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Westworld may have finally solved its dinosaur problem

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Why can’t you ride a T. rex at Westworld?

Westworld season 2 official pic Image: HBO

Westworld is back for its second season. Its murdered robots have become murder-robots, and the show’s never-ending timeline trickery and narrative puzzle boxes are still escalating. And while the second season’s second episode “Reunion” may have finally started answering some of the bigger questions surrounding the park, it also may have finally fixed one of the show’s more irksome aspects (for me, anyway): the dinosaur problem.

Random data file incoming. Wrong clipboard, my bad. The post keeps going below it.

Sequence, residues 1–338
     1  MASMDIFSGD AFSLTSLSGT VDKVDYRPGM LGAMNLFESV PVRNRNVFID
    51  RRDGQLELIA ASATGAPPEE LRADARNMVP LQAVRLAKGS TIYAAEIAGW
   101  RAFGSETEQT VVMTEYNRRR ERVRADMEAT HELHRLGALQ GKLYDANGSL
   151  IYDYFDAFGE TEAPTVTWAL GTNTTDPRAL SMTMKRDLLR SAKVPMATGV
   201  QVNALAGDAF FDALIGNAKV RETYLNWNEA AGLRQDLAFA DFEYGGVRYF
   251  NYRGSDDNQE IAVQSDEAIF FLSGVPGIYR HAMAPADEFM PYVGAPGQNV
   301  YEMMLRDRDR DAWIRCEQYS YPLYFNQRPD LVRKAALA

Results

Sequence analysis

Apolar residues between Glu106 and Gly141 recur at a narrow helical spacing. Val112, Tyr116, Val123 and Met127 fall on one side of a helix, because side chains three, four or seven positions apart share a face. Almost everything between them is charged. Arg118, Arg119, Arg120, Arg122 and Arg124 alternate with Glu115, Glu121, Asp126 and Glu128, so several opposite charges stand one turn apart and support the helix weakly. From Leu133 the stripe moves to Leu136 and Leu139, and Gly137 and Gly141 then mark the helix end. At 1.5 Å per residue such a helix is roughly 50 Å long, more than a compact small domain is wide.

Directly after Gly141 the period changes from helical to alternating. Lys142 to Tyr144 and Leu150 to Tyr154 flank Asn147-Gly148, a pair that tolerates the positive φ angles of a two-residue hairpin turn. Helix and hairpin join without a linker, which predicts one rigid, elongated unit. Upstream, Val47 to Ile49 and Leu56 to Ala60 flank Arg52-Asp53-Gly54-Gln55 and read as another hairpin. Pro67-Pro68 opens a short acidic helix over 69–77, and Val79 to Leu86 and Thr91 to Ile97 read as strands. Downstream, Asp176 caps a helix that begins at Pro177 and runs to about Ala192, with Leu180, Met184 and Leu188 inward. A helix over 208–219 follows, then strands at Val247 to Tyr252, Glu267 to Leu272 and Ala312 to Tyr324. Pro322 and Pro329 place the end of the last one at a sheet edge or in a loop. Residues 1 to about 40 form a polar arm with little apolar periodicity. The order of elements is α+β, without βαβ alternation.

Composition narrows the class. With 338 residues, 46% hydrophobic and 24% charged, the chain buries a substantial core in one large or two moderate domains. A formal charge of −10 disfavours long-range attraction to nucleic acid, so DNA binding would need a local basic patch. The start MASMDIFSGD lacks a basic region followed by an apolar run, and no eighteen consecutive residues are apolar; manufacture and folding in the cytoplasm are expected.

Spoilers for Westworld season 2, episode 2 below

As we’ve previously noted, Westworld is almost impossibly boring as a theme park. The park’s parent company, Delos Inc, has been shown to have the almost godlike ability to create perfect, biologically accurate replicas of almost every living thing, from fully intelligent human beings to the smallest bird. So it’s assumed that Delos could make dinosaurs if it wanted to. But somehow, the best idea Delos’ management could come up with was re-creating the Wild West? The oncoming war between humans and robots and all the corporate conspiracies that led there aside, Westworld is nothing more than an expensive, elaborate dude ranch larp, which is something that already exists without robots.